Anyway putting that aside I now had the Shrike to worry about and it's a bogey bird for me so I really fancied dropping everything and heading up the A11. Problem was yesterday was my wifes birthday so I couldn't go and was left praying the bird stuck around another day for me and with this in mind I set off at 5am this morning. I pulled up at North Pools Wells and walked out to the sea wall turning right to walk a mile or so until I reached the field and found a few birders in their small social gatherings. I joined the general area and was delighted to be told the bird was still on site. 

I walked to the other end of the field to get the sun behind me as the others were all looking into bright sunlight. This option also allowed me to create my own social distance from the group and once in place I scoped back along the hedge to find a couple of Redstarts and then the target and my first Brown Shrike was at last in the scope. I enjoyed watching it for about four hours taking time to scope the marsh too where I spotted Peregrine, Marsh Harrier, Buzzard along with lots of waders and the highlight was when a dark and light phase Arctic Skua flew across the marsh quite close in.  The Shrike showed well but remained quite distant and kept low dropping onto the floor to feed now and again. It kept close company with a Redstart.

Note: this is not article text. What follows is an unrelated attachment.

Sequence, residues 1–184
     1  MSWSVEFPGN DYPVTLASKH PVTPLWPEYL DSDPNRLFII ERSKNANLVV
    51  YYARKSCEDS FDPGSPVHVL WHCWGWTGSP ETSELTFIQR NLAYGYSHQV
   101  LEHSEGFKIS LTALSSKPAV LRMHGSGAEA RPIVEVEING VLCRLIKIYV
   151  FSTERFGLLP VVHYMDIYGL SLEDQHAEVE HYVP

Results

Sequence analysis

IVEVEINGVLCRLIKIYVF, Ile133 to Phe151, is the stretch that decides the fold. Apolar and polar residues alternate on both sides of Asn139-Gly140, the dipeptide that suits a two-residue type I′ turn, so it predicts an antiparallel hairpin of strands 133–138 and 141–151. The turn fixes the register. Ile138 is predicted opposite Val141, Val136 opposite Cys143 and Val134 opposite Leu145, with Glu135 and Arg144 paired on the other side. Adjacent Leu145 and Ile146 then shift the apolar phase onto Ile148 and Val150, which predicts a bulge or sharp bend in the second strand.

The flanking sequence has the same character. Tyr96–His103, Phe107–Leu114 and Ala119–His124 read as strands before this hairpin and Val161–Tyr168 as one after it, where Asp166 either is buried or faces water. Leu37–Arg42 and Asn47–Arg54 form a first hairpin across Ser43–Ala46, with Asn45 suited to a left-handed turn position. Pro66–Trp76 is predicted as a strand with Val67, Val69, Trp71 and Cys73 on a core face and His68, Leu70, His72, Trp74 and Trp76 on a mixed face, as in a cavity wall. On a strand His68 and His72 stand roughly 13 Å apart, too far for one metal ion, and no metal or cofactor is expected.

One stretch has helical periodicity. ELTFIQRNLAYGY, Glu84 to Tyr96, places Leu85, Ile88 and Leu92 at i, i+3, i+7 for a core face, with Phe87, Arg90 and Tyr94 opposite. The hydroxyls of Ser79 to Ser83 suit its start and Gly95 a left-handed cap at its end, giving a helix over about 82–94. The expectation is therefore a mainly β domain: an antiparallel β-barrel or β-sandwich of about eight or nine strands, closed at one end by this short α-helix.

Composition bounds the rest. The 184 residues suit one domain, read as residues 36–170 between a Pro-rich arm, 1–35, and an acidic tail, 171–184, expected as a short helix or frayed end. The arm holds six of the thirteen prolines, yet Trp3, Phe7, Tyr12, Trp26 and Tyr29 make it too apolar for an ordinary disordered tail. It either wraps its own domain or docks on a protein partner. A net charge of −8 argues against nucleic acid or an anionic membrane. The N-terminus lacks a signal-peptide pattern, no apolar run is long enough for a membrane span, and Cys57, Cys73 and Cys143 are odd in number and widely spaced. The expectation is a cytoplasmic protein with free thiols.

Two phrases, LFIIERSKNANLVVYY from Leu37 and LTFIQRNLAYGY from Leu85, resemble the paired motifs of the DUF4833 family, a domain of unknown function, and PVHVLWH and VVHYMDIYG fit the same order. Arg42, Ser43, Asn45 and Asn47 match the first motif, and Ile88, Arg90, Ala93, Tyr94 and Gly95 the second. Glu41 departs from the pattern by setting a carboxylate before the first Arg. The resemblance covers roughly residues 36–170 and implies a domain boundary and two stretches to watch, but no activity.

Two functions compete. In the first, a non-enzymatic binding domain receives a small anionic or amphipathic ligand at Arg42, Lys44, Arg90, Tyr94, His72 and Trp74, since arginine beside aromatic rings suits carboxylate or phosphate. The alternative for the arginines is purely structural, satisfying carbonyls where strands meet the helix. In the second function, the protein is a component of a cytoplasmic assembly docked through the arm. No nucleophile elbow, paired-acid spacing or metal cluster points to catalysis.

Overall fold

Brown Shrike

Brown Shrike

I was going to pop along to Holkham or Wells Wood and search for more migrants but the place was so busy I decided to head for home only to notice a Greater Short-toed Lark reported in Surrey. I considered the journey but dismissed it and carried on down the A11/M11 and it wasn't until I got to my exit on the M25 that I had a change of heart and just kept going. An hour later I was watching my first ever Short-toed Lark feeding in the ploughed field with a few Skylarks. I watched it for about half an hour but it remained distant so I grabbed a quick record shot and headed for home satisfied with my two life ticks. With talk of a second wave or even a second lockdown I don't know when the next opportunity may come along for another tick so I'm very pleased to have bagged these two today.